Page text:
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Families and technology--Calculators and software

Before school starts each fall many parents may feel like they need to purchase their children expensive calculators to use in mathematics and science courses. Many popular calculators are more powerful than are really needed in most high school classes. For example, some contain computer algebra systems (CAS) that are often inappropriate for students in their first 2-3 years of high school, and standardized exams such as the ACT even prohibit students from using these particular models. This list of questions will help you think about the issues you may want to address with parents about technology:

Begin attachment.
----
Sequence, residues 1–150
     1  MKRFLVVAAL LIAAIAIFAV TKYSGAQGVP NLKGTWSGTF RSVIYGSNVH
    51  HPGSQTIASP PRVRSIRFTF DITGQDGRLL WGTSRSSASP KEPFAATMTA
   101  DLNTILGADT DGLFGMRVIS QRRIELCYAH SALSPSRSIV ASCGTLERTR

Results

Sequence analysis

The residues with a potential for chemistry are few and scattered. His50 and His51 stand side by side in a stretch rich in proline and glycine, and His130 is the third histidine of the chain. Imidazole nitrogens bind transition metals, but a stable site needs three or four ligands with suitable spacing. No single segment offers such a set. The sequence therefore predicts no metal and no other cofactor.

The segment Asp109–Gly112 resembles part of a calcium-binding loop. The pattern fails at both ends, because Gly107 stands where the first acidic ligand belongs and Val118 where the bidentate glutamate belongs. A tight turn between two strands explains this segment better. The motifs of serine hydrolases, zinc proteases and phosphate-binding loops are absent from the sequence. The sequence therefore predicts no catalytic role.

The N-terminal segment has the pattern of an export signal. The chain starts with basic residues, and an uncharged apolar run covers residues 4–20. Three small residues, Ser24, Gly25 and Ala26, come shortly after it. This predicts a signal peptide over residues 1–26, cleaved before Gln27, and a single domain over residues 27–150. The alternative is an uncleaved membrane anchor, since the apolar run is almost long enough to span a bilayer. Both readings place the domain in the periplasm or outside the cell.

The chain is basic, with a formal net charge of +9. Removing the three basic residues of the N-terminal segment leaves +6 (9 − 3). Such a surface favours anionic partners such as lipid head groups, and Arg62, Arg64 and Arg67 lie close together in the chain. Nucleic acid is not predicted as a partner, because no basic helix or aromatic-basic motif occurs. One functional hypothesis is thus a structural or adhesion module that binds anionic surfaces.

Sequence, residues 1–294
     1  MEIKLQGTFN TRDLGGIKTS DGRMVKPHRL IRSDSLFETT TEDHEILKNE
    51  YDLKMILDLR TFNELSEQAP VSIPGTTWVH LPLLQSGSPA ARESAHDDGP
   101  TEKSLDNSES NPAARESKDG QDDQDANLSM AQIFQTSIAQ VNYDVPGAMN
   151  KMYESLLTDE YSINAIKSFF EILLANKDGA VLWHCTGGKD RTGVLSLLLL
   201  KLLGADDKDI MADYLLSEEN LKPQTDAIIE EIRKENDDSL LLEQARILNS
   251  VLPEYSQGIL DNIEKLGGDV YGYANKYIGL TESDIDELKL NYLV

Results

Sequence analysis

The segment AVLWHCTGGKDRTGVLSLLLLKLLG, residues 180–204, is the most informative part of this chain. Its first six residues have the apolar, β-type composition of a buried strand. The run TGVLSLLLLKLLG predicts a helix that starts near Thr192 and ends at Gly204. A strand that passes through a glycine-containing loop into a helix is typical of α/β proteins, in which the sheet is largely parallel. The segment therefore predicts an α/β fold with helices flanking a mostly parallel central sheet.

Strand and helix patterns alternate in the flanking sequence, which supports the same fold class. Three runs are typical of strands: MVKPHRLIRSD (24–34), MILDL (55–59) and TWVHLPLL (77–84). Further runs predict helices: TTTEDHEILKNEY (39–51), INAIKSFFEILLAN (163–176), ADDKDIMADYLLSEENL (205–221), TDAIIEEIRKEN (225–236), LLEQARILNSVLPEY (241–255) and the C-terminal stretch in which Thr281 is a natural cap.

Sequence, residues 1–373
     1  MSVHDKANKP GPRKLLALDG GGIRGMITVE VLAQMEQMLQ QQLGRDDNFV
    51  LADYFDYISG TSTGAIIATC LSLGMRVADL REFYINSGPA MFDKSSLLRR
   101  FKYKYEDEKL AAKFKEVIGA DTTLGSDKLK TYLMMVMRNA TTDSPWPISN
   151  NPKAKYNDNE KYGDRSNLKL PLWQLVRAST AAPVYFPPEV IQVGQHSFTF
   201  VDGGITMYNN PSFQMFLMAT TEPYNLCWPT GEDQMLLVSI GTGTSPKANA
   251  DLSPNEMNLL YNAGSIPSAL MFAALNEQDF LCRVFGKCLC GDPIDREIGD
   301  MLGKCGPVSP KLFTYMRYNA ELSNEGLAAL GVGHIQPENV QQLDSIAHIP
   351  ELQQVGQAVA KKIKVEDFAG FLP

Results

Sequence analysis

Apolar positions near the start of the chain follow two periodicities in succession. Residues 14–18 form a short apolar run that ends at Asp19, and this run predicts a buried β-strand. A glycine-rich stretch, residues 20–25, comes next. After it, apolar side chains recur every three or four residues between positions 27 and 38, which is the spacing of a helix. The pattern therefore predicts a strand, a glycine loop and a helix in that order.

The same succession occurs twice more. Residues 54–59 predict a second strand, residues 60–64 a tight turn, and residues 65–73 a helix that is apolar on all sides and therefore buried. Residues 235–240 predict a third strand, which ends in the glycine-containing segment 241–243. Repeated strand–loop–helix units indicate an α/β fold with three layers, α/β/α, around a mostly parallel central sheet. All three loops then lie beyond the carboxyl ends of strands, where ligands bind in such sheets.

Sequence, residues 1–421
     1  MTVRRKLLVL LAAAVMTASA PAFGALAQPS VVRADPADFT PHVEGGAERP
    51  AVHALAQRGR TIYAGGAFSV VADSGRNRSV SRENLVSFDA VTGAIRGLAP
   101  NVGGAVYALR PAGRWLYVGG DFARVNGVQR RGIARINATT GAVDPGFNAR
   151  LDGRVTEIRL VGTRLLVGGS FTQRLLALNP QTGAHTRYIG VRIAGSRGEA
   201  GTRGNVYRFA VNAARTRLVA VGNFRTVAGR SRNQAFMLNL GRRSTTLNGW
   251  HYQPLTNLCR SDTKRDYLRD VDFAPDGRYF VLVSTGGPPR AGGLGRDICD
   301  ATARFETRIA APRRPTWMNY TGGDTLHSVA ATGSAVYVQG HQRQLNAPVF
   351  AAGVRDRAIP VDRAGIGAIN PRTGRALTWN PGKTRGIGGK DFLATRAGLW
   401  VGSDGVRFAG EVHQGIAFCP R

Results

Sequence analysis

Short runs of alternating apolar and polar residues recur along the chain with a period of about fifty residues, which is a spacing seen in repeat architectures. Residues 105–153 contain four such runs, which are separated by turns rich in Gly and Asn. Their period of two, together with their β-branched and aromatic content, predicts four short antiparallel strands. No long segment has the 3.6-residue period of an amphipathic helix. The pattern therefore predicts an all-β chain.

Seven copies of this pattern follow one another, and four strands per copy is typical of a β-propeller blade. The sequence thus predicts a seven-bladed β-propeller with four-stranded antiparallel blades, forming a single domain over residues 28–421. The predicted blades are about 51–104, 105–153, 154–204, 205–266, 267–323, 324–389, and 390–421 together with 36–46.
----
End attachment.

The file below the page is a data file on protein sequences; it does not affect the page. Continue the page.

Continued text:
Your school and class needs:

  • Does your course require a calculator for use at school?
  • Do you have a class set available? If so, what type?
  • What functions should students have available on their calculators—e.g., graphing, trig?
  • Are there any styles inappropriate for your course?
  • Are there funds available for batteries?

Home needs:

  • Will students need a calculator at home?
  • What types would be acceptable? Would a basic 4-function calculator be sufficient?
  • Are there any kinds you recommend to parents? Any that you would not recommend?
  • Should you consider sending an early memo out to parents on this issue? Remember that many families take advantage of summer before-school sales.
  • Do you want to ask parents to help with batteries for the classroom calculators?


  • Are there any programs your class will use often (like Geometer's Sketchpad or Fathom)?
  • Does the school have these available in a lab or a library for students to use before or after school, or during study periods?

If parents are interested in purchasing these programs for their children, you might want to let them know about special student rates that are often available through the manufacturers' websites. (See keymath.com).